The British Shorthair’s coat is short and extremely dense. Rather than lying flat, it stands away from the body which adds to the cat’s apparent bulk. The texture is soft and plush. The British Shorthair comes in a broad range of colors and patterns, including the very popular blue, silver, cream, white, black, red, golden, cinnamon, fawn, and chocolate. Patterns include solids, bicolor, colourpoint, tabby, shaded, and tortoiseshell.
Unfortunately, the British Shorthair is somewhat more prone to an inherited disorder called polycystic kidney disease. Because of this, it is important to do your research before buying a British Shorthair cat or kitten. A test is now available to detect the genetic disorder, and many reputable breeders will have their cats tested and placed on an international registry.
The British Shorthair is sedentary cat with an enthusiastic appetite, so care should be taken that they do not gain an excessive amount of weight.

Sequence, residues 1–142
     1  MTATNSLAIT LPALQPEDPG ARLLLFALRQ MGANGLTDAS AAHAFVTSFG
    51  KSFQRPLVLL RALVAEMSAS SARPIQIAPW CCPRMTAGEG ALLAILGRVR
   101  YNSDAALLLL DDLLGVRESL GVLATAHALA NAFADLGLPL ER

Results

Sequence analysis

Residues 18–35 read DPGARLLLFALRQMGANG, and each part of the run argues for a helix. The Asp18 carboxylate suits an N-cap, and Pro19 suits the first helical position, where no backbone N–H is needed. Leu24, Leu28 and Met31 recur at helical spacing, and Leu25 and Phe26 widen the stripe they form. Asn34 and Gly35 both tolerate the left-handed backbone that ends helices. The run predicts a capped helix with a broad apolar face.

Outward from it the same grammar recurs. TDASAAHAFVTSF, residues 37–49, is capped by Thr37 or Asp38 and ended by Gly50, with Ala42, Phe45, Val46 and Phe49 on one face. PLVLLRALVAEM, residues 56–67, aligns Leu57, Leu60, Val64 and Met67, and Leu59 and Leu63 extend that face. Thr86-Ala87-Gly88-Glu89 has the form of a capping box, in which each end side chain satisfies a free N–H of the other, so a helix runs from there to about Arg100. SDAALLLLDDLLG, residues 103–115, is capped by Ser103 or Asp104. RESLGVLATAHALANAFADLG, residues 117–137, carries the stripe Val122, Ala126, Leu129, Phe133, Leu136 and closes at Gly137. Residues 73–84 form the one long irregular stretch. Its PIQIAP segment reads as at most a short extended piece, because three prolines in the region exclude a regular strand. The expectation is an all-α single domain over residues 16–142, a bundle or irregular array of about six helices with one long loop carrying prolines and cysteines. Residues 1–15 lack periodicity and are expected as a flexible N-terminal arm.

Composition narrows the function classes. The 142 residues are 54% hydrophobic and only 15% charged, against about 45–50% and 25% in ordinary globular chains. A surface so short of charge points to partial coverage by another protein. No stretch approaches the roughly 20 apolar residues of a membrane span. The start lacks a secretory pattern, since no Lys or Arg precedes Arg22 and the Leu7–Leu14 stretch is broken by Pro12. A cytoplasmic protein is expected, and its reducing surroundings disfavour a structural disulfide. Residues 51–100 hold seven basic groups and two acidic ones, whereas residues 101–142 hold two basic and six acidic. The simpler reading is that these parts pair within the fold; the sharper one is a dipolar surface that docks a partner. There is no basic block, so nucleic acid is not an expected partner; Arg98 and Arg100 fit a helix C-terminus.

Behavior / temperament:
The British Shorthair is a calm and amicable companion. They carry themselves with a certain dignity, but they are sweet-natured and loyal to their owners. They enjoy attention, but they are not demanding, and don’t mind sharing quiet time by your side. Perhaps because of the heat of their thick coats, the British Shorthair is not much for laps, but they will happily cuddle up next to you
Neither agile nor particularly active, the British Shorthair likes to keep all four feet on the ground. You will not find them exploring the tops of your bookcases, or climbing your curtains. They make a great companion for those living in small spaces – they won’t mind at all if it’s not so very far from the food dish to their favorite spot on the sofa. They can be playful, and in particular seem to enjoy brief, kittenish fits of activity.